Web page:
I would love the patient of a saint. It would be a characteristic could be humbly proud of (it is possible), but of late I find that my patience patina is wearing thin. I shan’t go into why, but suffice to say the expression ‘gritted teeth’ comes to mind because – I think I’m gritting my teeth. Nevertheless, I am trying to keep my counsel because of the relationships involved and the potentially negative and expensive consequences of just telling it like it is.
Which raises the question – is it better to be completely open to the point of bluntness (that’s an oxymoron if ever I wrote one), or hold back because one isn’t walking in the shoes of the people who ‘need telling’? The former approach could be said to be the most honest, but the latter the more respectful. A principled decision is called for in every different case.
There is no blanket strategy. You might argue that there is but have you ever opted for a specific approach only to discover that the facts and assessments that led you to use it – were wrong?
The only advice I can give – and which I would dearly love to consistently apply myself – would be to us the space between stimulus and response to really, conscientiously dig deeply into the situation, and act accordingly. Think broadly and deeply – what do you know, what do you think you know and can find out, and what is the situation as seen from the other side. Just asking those questions can truly serve your strategy for dealing with the event.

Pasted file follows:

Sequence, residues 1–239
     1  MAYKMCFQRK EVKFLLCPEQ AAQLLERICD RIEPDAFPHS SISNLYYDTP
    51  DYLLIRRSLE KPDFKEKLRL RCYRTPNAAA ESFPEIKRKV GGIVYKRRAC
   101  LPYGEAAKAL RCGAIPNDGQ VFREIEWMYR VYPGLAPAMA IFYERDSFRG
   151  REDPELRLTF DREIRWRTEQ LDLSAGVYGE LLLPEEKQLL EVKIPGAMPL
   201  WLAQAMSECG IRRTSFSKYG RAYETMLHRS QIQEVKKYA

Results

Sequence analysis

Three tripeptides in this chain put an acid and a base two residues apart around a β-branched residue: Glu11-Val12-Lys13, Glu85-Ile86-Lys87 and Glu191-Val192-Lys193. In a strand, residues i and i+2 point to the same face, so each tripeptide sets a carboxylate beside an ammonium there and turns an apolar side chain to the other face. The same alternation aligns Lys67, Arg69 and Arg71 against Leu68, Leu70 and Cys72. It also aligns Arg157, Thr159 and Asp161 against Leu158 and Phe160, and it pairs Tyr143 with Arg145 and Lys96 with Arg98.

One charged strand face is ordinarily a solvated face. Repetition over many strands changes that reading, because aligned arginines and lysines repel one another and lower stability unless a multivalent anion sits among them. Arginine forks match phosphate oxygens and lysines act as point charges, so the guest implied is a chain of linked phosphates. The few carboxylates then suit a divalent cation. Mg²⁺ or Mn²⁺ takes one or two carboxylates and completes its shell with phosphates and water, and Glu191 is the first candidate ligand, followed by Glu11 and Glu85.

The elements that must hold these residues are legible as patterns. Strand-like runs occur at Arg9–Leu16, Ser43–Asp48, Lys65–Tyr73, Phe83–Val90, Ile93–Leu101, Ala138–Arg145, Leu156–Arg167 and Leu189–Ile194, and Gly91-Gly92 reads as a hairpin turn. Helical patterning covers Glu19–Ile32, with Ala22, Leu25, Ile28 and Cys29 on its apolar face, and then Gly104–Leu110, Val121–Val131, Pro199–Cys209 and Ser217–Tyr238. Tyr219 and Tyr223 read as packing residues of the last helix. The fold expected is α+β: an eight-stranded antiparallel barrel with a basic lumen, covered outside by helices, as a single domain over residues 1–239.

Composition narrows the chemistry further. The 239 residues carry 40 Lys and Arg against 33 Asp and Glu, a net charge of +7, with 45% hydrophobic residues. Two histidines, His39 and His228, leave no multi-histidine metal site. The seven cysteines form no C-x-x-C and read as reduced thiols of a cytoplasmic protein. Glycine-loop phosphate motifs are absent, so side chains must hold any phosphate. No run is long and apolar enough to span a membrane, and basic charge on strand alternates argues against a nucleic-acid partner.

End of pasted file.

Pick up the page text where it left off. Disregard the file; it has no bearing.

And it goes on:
But there is another assessment I would invite you to consider.
If your selected approach requires careful wording and you can’t think of the words – consider letting it go.
It is easy to think you’re using the right words only to wonder why the other person didn’t hear what you said, but instead heard what they decided you meant and the situation worsened rather than improved.
And here’s the rub – sometimes they won’t tell you what they thought they heard; instead, they’ll go off and report their inaccuracy to someone else, and it all goes Pete Tong. Of course, that ‘someone else’ will be their friend, therefore on their side by default. They rarely go to an objective listener.
This whole idea is a ‘soft skill’ that requires wisdom, considered thinking and occasionally resignation to a situation.
Which means being willing to surrender, to leave things as they are while mitigating the potential risks of staying silent on the matter.
Which is bloody stressful, my teeth can tell you. Ask my dentist.
For more on good Character as a specific, rather than accidental life choice, read The Three Resolutions.